Poke ’em & go

Dear 11-year-old child,

I know you’re really busy saving the world by watching people playing Minecraft on Youtube all day, but I’d like to ask a favour. Could you please catch and keep the following Pokemon people/creature/alien/thingies/whateverthehelltheyare?

Cleandyourbedroom a saurus

Oddishwasher won’t empty itself

Clefairy liquid over the sink and wash the dishes

Remove the Vileplume from your sister’s walk on floor-drobe

Meowth and change the kitty litter while you’re at it

Machop up some veggies for dinner

Rapidash to the bathroom to hang up your sisters’ wet towels

Slowpoke the dunny brush around the toilet

Weedle your way out of whinging about housework no more

Thank you great light of my life

Mother dearest

Whistle While You Work – Snow White and the Seven Dwarfs


Mature

This year I’m starting to feel older. There are signs. Plastic surgeons are now following me on Instagram, looking for business. One day I went to work wearing no make up and three people asked me if I was unwell. My youngest child has also been helpful while looking at family photo albums.

“Look at that photo mummy, you have no crinkles.” Thanks for the reminder about my ageing face honey, I think you caused some of those crinkles.

One night a few months ago she was ill, and I held her over the bath to catch her vomit. When she stopped I swung around to wipe her feverish head and a strange woman stared at me from the mirror; a grumpy, frowning, middle-aged harridan holding a sickly-looking kid. Oh God, it was me. I’m sure I’m still 15 years old checking for pimples, how did the old bag take over my body? Do I exorcise her with Botox and skin peels? Some days I long to be young and dumb and pretty.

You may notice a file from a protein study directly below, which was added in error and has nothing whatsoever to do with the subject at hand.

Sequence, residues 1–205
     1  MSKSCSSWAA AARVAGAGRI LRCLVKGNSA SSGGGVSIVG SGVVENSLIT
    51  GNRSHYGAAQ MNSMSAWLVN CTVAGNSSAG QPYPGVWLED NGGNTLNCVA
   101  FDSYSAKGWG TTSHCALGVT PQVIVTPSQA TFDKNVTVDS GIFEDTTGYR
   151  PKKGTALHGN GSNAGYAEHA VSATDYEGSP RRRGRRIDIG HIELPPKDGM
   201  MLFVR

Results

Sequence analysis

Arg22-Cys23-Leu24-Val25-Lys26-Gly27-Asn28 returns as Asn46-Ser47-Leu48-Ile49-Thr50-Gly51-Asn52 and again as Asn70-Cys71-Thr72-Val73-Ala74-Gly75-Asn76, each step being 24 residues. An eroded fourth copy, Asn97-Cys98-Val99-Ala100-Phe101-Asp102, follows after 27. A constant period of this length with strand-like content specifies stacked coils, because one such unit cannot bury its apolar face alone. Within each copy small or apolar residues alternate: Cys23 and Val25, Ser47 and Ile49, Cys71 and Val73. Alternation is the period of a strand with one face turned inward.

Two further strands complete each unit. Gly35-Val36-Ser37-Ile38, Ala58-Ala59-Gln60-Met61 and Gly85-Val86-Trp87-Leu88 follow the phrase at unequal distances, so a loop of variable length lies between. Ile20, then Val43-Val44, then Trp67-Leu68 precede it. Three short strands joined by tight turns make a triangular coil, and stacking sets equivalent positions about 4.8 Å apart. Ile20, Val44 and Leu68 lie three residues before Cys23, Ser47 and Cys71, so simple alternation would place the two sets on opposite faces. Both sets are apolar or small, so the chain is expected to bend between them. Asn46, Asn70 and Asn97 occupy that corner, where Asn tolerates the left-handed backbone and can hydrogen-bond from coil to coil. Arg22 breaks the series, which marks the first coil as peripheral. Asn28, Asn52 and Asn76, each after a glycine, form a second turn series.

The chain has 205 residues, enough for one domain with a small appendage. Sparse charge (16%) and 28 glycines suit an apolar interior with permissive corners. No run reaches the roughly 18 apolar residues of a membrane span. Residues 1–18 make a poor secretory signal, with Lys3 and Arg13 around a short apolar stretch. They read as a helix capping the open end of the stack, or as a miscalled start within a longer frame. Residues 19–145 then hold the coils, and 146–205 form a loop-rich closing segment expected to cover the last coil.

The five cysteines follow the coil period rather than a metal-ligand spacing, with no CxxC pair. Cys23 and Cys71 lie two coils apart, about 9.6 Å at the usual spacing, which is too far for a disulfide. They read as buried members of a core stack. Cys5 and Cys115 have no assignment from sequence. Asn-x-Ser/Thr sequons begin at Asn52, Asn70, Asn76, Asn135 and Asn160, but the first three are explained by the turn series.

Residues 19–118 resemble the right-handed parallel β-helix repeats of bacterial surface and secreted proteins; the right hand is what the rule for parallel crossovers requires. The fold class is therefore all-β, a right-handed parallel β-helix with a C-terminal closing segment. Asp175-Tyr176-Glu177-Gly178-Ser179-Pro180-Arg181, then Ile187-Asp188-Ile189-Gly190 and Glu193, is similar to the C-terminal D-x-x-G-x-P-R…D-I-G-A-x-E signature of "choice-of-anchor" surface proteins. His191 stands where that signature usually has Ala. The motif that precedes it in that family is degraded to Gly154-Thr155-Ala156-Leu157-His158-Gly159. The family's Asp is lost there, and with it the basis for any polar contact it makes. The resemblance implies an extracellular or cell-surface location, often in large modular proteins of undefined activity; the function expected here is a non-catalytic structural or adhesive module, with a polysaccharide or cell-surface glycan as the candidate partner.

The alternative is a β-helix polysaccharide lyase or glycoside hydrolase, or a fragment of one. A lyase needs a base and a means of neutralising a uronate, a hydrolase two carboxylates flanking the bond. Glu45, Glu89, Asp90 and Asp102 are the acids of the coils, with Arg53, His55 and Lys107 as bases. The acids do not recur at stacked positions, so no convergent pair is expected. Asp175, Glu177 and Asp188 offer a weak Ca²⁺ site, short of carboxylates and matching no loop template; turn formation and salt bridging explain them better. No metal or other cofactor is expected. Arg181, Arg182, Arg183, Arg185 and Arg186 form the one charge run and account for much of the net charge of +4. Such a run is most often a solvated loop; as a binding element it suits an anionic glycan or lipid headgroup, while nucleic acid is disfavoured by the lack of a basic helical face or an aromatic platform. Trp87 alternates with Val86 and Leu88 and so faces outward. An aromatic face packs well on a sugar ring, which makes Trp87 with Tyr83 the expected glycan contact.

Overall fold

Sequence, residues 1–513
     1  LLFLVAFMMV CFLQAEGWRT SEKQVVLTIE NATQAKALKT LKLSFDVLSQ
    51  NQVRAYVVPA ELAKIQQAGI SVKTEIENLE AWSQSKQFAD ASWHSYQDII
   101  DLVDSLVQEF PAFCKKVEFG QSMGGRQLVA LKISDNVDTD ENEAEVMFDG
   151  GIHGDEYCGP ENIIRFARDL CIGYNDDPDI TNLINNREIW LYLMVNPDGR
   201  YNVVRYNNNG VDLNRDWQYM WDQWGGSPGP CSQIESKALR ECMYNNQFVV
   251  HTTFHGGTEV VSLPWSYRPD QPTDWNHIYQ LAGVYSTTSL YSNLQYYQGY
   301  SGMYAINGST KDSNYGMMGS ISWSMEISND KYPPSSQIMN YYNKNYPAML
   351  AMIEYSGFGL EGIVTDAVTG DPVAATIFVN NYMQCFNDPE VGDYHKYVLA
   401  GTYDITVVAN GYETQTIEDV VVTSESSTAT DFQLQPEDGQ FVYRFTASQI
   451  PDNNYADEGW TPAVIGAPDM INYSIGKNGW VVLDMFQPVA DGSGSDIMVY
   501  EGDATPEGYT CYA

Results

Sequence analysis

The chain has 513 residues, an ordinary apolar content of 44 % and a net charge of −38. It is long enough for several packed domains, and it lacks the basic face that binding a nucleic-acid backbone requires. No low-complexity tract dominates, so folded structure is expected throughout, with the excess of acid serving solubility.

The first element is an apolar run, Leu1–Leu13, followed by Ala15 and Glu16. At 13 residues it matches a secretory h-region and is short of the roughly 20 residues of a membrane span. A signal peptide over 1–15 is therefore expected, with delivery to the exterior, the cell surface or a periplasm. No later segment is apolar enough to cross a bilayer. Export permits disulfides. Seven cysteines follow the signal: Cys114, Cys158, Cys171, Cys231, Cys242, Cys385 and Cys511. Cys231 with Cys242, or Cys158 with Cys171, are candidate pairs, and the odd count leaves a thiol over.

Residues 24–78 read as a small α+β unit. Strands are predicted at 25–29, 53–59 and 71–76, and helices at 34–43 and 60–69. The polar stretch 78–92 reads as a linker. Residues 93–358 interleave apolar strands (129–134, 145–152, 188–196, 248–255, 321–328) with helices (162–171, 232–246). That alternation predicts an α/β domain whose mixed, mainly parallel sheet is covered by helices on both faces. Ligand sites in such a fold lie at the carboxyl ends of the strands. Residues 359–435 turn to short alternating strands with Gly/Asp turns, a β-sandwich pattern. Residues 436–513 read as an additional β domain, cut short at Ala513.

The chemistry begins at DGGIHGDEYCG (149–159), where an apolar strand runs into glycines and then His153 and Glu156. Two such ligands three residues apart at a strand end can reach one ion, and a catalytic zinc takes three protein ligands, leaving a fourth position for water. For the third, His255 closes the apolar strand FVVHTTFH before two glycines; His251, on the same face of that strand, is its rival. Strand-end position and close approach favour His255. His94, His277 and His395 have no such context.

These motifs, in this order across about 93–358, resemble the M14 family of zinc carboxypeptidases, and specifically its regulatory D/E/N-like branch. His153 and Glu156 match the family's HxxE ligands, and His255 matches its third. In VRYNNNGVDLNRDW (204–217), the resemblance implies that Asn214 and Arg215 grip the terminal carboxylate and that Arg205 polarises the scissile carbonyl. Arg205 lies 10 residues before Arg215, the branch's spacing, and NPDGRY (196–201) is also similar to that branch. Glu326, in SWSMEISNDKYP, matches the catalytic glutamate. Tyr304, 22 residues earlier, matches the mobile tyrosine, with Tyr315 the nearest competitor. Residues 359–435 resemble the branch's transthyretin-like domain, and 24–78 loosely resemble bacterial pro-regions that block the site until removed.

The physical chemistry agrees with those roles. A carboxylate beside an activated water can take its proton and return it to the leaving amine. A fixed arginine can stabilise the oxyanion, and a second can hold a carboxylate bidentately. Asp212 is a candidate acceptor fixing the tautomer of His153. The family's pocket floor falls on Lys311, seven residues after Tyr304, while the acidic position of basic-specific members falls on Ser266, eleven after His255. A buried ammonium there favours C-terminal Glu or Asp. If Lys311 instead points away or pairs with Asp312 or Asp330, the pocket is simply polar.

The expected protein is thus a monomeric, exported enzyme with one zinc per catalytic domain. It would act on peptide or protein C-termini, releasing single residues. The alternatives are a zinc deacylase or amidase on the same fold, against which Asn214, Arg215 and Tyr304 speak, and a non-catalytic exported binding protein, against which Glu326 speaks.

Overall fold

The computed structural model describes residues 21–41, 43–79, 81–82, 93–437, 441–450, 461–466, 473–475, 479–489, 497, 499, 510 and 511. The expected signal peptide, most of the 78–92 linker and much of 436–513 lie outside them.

My lack of fashion sense doesn’t help. Mostly I am a slovenly mother, which is unfashionable in the current air brushed social media perfection climate. My winter look has been Patty and Selma flannelette pyjamas, stained t-shirts and no bra. I should make more effort with my appearance, my look is either dragged through a bush backwards hair or trying to put on as much make up as a drag queen. But I don’t want to be 49 years old and still dressing to impress a male, which is strange for a woman whose shelves are filled with feminist literature.

 

I do hope I’ll grow wisdom by the time I’m 50, because I am at an age where it is easy not to give a rats any more. My skin is dry and my arse is sliding down the back of my thighs. I wish I had the energy to care. I may be stating the obvious for those of you in your 50s and 60s but losing our youthful shimmer is challenging.

 

Some mornings my youngest stares at me then looks in the mirror.

“I want hair like mummy monster,” she says. I look at her, at my mangy head in the mirror, then at her again. Is she taking the piss? Having children is exhausting but my kids have also made me a better person. Youngest has improved my wardrobe. We went into a op shop last week and she said, “This is a nice cougar dress for you mummy.”

Simply Irresistible – Robert Palmer

 


Food for thought

People tell me I’m full of it. I think they mean good advice, so in the coming weeks I’m going to dish out advice for my friends who are feeling a little self-helpless. This week’s post is about healthy food for your kids. Actually it’s not, it’s about my gluttony because feeding children year after year is as dull as Donald Trump. I’m going to help you get a summer-ready body. Just joking, as if I care what your body looks like, I’m too busy feeding my face.